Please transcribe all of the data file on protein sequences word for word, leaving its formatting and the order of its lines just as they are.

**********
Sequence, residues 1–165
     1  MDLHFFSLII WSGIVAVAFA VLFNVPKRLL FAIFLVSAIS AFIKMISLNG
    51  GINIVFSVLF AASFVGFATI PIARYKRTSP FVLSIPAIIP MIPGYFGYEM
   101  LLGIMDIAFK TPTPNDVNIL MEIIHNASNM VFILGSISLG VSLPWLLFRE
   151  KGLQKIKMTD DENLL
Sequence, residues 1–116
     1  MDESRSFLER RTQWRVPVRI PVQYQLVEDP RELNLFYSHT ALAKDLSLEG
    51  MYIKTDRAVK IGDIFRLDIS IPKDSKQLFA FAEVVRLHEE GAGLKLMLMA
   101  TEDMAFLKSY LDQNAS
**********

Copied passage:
Sequence, residues 1–165
     1  MDLHFFSLII WSGIVAVAFA VLFNVPKRLL FAIFLVSAIS AFIKMISLNG
    51  GINIVFSVLF AASFVGFATI PIARYKRTSP FVLSIPAIIP MIPGYFGYEM
   101  LLGIMDIAFK TPTPNDVNIL MEIIHNASNM VFILGSISLG VSLPWLLFRE
   151  KGLQKIKMTD DENLL
Sequence, residues 1–116
     1  MDESRSFLER RTQWRVPVRI PVQYQLVEDP RELNLFYSHT ALAKDLSLEG
    51  MYIKTDRAVK IGDIFRLDIS IPKDSKQLFA FAEVVRLHEE GAGLKLMLMA
   101  TEDMAFLKSY LDQNAS